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Gender Competition Preserves Natural Traits of Competitive Sports

Written by Roman Gaehwiler

In western communities the degree of gender equality and emancipation represents an important indicator to level sophistication and liberalism. In sports, however, sexual discrimination is taken for granted. As a result of strict sex segregation, there’s no opportunity for women to measure their abilities with male opponents. Consequently, either sport seems to lack social development or the emancipation of female athletes is not an issue worth considering. Tamburrini and Tännsjö declare this state as “strange” arguing as follows: “The best response to this argument may be to offer women the possibility of genetically becoming as strong as men”. In fact, this would mean to genetically alter the natural female hormone-balance in order to increase testosterone serum-concentration. Finally, that may result in transforming women into men rather than providing equality. In fact, such an act would undermine the ideology of emancipation and therefore foster the issue about gender distinction more acutely. Additionally, Susan Sherwin and Meredith Schwartz respond that “this solution misses the fact the problem of oppression for women is not that men are ‘naturally’ superior and women are struggling to ‘catch up’ to the male ideal.” Furthermore, the problem may have origin in the masculanization of society and “the construction what is ‘best’ reflects male talents, and those activities that are perceived as female are systematically undervalued.” Apparently, this discussion and the tolerance of gender distinction in sports prove the pleasant fact that the acceptance of natural differences and individual traits are still welcome, even in times of “levelling the playing field” and genetic enhancement debates. As a matter of fact, the nature of competitive sports is about the measurement of differences. Hence, when artificial performance enhancing substances tend to level the playing-field the existence of sexes is able to preserve some natural traits of competitive sports.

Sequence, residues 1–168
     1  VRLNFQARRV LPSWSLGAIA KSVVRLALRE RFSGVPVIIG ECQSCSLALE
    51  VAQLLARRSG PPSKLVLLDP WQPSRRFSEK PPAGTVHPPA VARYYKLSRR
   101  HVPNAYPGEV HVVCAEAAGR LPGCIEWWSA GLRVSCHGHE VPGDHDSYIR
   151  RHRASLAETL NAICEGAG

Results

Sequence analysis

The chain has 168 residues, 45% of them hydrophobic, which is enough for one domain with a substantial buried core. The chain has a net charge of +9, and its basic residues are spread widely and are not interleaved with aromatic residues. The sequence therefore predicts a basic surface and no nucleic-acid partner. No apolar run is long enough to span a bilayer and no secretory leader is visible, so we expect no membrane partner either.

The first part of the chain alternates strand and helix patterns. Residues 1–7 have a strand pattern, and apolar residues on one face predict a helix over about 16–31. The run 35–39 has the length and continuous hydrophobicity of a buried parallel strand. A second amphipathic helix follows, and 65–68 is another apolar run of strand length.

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1 Comment on this post

  1. In last week's NYtimes magazine there was an article about marathon swimmer Diana Nyad, who has broken records for long distance swimming for both men and women. I think you make a good point that it is possible that men are not necessarily biologically more athletic (at least I think that's what you're saying…), but instead that our culture has favored the sports that men excel at. For instance, I've read that women have higher percentages of fat stores, even when they are in really good shape. This stored energy gives them a natural advantage at long distance and endurance sports, so the average athletic woman can usually run/swim longer than her male counterpart, while the male can usually run/swim faster than the female.

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